23rd April 2017
Three months have passed since my last blog post and a there has been a veritable plethora of training taking place! The cold days of winter have given way to the sunny optimism of spring and those long frozen cycles on the static turbo trainer in the garage, needing to wear two pairs of socks to keep the toes warm, have been replaced with meandering cycles through the lanes of Britain. It is nice to get outside on the bike again, taking in the rural beauty of our country and regular long sessions have given me some confidence going into the last 3 months of training.
So far in 2017 I have travlled over 1250 miles by bike, swim and run, enough to travel from Lands End to John O'Groats. It adds up to somewhere around 8 hours per week, which is definitely on the light side of the training recommendations for an Ironman but the most time I can make available with work and family commitments. I feel I'm doing all I can to be ready, especially considering I got married and had a family holiday already this year, and our son Jacob is only 9 months old, with everything he brings to our lives! In the run-up to the Ironman on 16th July I have booked a few races to build up to the full distance.
The 120km Tour of Cambridge bike ride, a couple of shorter triathlons including a half-iron distance, some open water swimming events, and this coming weekend, the Milton Keynes Marathon. I am considering cycling to the start line for improved training but the thought of cycling 30 miles back again afterwards means I will probably give it miss. How crazy is this challenge that it leads me to consider doing something as daft as cycling 30 miles to start a marathon?! A full marathon takes a lot out of us, requiring a good couple of weeks of recovery, so it will be the last time I cover that distance before the Ironman.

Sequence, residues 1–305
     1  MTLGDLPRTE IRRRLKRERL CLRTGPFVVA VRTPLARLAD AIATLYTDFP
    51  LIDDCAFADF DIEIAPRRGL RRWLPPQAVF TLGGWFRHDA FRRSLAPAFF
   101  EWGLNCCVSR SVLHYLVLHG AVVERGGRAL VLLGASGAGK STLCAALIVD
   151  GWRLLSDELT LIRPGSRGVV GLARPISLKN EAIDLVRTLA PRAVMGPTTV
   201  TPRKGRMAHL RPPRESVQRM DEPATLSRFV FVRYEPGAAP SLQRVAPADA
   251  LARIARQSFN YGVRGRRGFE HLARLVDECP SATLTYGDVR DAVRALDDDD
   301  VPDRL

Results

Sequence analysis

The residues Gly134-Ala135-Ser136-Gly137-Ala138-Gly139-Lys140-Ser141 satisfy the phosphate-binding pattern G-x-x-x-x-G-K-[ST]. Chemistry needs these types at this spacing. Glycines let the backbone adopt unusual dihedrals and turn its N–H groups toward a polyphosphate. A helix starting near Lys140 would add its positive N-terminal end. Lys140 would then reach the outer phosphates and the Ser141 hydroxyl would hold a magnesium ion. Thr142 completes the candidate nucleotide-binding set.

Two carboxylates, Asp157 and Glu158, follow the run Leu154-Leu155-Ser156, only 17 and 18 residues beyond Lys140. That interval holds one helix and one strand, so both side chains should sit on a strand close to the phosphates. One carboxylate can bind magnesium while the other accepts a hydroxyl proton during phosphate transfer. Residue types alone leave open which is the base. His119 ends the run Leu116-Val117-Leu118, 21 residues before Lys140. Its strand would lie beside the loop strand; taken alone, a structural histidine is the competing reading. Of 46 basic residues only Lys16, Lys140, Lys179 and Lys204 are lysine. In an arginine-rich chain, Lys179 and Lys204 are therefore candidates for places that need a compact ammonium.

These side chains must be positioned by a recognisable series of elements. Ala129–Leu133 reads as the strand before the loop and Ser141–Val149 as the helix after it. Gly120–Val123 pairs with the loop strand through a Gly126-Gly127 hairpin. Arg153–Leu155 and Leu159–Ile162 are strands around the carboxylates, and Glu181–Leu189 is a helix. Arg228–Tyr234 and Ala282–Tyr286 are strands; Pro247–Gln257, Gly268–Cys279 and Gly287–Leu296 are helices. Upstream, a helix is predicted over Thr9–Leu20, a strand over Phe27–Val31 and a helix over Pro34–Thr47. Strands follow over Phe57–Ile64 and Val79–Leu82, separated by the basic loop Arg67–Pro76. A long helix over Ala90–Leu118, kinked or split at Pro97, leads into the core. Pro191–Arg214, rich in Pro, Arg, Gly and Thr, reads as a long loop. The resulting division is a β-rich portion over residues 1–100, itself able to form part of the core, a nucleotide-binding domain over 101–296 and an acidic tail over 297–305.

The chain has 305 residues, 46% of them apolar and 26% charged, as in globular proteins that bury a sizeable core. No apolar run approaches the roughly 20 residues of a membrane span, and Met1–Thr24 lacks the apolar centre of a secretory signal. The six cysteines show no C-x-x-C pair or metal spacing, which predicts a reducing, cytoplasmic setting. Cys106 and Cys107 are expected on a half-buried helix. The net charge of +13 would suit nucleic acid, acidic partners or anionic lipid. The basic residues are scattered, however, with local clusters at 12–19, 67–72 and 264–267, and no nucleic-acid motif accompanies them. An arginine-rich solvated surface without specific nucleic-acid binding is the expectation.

The full swim distance will be no problem, it's the full 112 mile cycle which unsettles me the most. Not least because of a leg and hip injury that has been beginning to affect me on the bike. It's a long-standing problem that has been getting steadily worse recently and I have been seeking advice and treatment from my Physiotherapy and Osteopathy colleagues. Just like a painter and decorator doesn't always attend to the decoration of their own home, though, it has been a challenge to knuckle down consistently to the required exercises that I spend all day giving to others, especially when time is so tight.
he calf injury that hampered my running earlier in the year eventually passed but it was a useful reminder of how long such a muscle pain can last and how carefully one must return to full activities. In September, I tore one of the deeper calf muscles, the soleus, and it was only by the end of February that pain-free running was possible. In the meantime, it had to be managed very carefully, slowly building up from alternative run/walk intervals through very low intensity running to finally being able to add intervals of faster running. In my experience, the calf muscles seem to need constant low-level stimulation, so since recovery I have been careful to run at least every 3 days and to back off the intensity if I felt any echoes of pain.
Finally I have been reflecting on just how had this challenge will be mentally. At times, on a long run or bike session, when the going gets tough or the road seems to slope ever upwards, it can be easy to feel disheartened and like the whole crazy idea is an impossibility. Coming back to the present footstep, pedal run or swim stroke, focusing on the technique or even exploring the sensations of body and mind directly, I have found to be a vital skill in resetting this mild panic - focussing on the unfolding process, not the looming mountain of the overall goal. Confidence naturally ebbs and flows, and seeing it in training, and working through it, is incredibly useful - and in that I think there is something to take into daily life, an ability to roll with the easier and more difficult times.
Three months to go!